# Elementary Differential Equations and Boundary Value Problems - Boyce W.E.

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9. x'=0 _5)x’ x(0)=G

10. x'=(_3 _1)x x(0) = \ -2

In each of Problems 11 and 12:

(a) Find the eigenvalues of the given system.

(b) Choose an initial point (other than the origin) and draw the corresponding trajectory in the x1 x2-plane.

(c) For your trajectory in part (b) draw the graphs of x1 versus t and of x2 versus t.

(d) For your trajectory in part (b) draw the corresponding graph in three-dimensional tx1 x2-space.

"¦*=(! _)x > i2-x4_ 2

In each of Problems 13 through 20 the coefficient matrix contains a parameter a. In each of these problems:

(a) Determine the eigenvalues in terms of a.

(b) Find the critical value or values of a where the qualitative nature of the phase portrait for the system changes.

(c) Draw a phase portrait for a value of a slightly below, and for another value slightly above, each critical value.

x

7.6 Complex Eigenvalues

391

> 13. x' =

> 15. x' =

> 17. x' =

> 19. x' =

à 1 -1 à

2 -5

à2

-1 à -1 -1

à 10 -1 -4

> 14. x' =

> 16. x' =

> 18. x' =

> 20. x' =

05

64

4à

86

In each of Problems 21 and 22 solve the given system of equations by the method of Problem 19 of Section 7.5. Assume that t > 0.

21. tx =

-1 -1 21

22. =l2 -2>x

In each of Problems 23 and 24:

(a) Find the eigenvalues of the given system.

(b) Choose an initial point (other than the origin) and draw the corresponding trajectory in the x1x2-plane. Also draw the trajectories in the x1x3- and x2x3-planes.

(c) For the initial point in part (b) draw the corresponding trajectory in x1 x2x3-space.

<-4 1 0 <-4 1 0

> 23. x' = -1 1 0 x > 24. x' = -1 1 0 x

4 4

0 0 - Ü 0 0

25. Consider the electric circuit shown in Figure 7.6.5. Suppose that R1 = R2 = 4 ohms, C = 2 farad, and L = 8 henrys.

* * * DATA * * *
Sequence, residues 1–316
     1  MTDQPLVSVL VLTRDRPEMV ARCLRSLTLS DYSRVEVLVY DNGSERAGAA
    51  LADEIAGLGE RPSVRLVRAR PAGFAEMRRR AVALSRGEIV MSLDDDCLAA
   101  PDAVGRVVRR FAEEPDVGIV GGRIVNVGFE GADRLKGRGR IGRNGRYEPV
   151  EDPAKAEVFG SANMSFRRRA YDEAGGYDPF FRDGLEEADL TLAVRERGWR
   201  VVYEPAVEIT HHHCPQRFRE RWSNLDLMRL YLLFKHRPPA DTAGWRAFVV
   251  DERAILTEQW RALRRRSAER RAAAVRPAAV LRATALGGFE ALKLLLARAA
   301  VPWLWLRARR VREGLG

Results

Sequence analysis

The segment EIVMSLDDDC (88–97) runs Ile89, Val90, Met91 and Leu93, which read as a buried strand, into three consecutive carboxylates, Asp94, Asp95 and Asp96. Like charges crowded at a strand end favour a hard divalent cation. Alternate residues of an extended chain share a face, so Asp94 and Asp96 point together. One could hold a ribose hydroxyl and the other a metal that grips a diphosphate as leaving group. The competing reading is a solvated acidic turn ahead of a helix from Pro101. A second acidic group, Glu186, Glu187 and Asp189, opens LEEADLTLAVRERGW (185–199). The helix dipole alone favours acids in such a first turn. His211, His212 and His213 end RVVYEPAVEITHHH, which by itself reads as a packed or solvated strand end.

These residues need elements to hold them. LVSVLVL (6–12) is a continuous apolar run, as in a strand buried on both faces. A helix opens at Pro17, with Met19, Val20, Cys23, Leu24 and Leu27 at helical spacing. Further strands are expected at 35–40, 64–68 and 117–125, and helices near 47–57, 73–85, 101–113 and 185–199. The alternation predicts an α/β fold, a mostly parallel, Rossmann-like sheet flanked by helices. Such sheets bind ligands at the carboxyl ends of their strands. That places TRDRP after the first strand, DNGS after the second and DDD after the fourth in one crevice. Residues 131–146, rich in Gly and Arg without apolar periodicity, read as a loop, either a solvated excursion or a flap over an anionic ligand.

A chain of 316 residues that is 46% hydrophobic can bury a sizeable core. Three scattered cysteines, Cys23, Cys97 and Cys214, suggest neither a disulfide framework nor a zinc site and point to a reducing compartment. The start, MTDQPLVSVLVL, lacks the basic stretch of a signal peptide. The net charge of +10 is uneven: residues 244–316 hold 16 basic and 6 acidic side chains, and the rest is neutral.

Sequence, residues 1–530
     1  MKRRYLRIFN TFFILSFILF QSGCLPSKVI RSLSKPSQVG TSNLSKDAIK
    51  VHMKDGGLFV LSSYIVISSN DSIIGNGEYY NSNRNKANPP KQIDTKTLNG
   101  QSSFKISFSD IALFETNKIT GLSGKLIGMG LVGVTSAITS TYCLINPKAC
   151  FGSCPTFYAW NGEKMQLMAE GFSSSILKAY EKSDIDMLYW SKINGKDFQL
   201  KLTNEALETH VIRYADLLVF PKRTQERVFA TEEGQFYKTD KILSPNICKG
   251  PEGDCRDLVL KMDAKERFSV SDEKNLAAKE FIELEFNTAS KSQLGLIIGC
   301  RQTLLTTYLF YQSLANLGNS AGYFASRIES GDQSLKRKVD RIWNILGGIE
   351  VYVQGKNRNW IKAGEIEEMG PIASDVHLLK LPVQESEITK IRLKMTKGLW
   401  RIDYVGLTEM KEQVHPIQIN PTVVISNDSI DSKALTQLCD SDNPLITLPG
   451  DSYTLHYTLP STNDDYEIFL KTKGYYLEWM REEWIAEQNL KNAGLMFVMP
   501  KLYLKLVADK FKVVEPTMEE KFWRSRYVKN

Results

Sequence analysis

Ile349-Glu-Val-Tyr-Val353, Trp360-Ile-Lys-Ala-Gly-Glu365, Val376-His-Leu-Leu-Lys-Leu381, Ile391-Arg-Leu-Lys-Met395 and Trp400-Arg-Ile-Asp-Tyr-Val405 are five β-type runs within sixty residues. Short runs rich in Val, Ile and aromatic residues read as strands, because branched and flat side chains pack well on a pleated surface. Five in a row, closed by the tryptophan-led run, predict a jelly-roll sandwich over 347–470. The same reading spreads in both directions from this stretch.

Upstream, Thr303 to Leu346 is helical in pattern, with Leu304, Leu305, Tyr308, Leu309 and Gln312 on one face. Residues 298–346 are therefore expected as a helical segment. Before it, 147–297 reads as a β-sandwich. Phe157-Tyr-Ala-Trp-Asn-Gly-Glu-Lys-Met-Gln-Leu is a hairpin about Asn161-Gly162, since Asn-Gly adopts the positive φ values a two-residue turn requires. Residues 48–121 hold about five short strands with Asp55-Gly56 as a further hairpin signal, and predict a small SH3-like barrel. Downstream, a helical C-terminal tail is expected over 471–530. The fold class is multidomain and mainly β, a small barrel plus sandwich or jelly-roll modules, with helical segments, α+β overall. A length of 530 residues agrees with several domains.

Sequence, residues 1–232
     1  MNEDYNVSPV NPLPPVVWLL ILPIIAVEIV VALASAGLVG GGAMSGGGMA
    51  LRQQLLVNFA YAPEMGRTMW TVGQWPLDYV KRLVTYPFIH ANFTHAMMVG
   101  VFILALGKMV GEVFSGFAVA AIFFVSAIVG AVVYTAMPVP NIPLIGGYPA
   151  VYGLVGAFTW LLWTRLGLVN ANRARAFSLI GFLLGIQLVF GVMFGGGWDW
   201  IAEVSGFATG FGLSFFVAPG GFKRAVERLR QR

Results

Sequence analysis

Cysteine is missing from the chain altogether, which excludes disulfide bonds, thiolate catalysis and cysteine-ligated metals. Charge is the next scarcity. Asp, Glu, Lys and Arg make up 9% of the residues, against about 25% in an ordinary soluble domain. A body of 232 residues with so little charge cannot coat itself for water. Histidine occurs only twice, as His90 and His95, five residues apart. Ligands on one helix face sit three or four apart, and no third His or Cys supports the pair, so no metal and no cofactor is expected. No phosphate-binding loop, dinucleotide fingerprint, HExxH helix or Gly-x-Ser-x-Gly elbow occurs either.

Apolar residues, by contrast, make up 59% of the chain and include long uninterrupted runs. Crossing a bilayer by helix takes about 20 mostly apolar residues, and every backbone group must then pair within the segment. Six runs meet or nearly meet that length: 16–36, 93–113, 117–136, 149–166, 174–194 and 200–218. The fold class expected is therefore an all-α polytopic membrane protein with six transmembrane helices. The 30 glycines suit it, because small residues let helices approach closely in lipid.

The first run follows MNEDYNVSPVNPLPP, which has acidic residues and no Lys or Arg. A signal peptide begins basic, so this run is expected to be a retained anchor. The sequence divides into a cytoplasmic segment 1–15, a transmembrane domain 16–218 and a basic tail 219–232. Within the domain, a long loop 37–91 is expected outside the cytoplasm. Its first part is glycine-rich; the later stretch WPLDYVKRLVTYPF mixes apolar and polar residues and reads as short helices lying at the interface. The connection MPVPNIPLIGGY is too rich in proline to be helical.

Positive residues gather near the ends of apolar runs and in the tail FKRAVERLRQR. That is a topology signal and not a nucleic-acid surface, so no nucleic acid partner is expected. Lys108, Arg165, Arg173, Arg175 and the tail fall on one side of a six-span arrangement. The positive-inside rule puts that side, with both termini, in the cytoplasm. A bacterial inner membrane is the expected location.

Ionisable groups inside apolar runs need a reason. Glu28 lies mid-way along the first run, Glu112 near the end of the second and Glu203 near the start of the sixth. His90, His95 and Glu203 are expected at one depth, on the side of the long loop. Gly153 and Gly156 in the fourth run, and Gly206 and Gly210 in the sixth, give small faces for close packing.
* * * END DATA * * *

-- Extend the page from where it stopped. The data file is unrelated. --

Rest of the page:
(a) Show that this circuit is described by the system of differential equations

-(I

dt I V

(i)

where I is the current through the inductor and V is the voltage drop across the capacitor. Hint: See Problem 18 of Section 7.1.

(b) Find the general solution of Eqs. (i) in terms of real-valued functions.

(c) Find I(t) and V(t) if I(0) = 2 amperes and V(0) = 3 volts.

(d) Determine the limiting values of I(t) and V(t) as t -—ro. Do these limiting values depend on the initial conditions?

x

x

1

à

x

x

à

3

à

x

x

x

x

x

FIGURE 7.6.5 The circuit in Problem 25.

392

Chapter 7. Systems of First Order Linear Equations

26. The electric circuit shown inFigure 7.6.6 is described by the system of differential equations

dt\V

0

I \ L

1

\~C

1 V V ~RC>

(i)

where I is the current through the inductor and V is the voltage drop across the capacitor. These differential equations were derived in Problem 18 of Section 7.1.

(a) Show that the eigenvalues of the coefficient matrix are real and different if L > 4 R2C; show that they are complex conjugates if L < 4 R2C.

(b) Suppose that R = 1 ohm, C = 1 farad, and L = 1 henry. Find the general solution of the system (i) in this case.

(c) Find I(t) and V(t) if I(0) = 2 amperes and V(0) = 1 volt.

(d) For the circuit of part (b) determine the limiting values of I(t) and V(t) as t ^æ. Do these limiting values depend on the initial conditions?

C

4(-

R

-ËËËã-

L

FIGURE 7.6.6 The circuit in Problem 26.

27. In this problem we indicate how to show that u(t) and v(t), as given by Eqs. (9), are linearly independent. Let r1 = X + ip and r 1 = X — ip be a pair of conjugate eigenvalues of the coefficient matrix A of Eq. (1); let g (1) = a + ib and g(1) = a — ib be the corresponding eigenvectors. Recall that it was stated in Section 7.3 that if r1 = r1, then g(1) and g (1) are linearly independent.

(a) First we show that a and b are linearly independent. Consider the equation c1a + c2b = 0. Express a and b in terms of g(1) and g (1), and then show that (c1 — ic2)g(1) + (q + ic2)g (1) = 0.

(b) Show that c1 — ic2 = 0 and c1 + ic2 = 0 and then that c1 = 0 and c2 = 0. Conse-

quently, a and b are linearly independent.

(c) To show that u(t) and v(t) are linearly independent consider the equation c1u(t0) + c2v(t0) = 0, where t0 is an arbitrary point. Rewrite this equation in terms of a and b, and then proceed as in part (b) to show that c1 = 0 and c2 = 0. Hence u(t) and v(t) are linearly independent at the arbitrary point t0. Therefore they are linearly independent at every point and on every interval.

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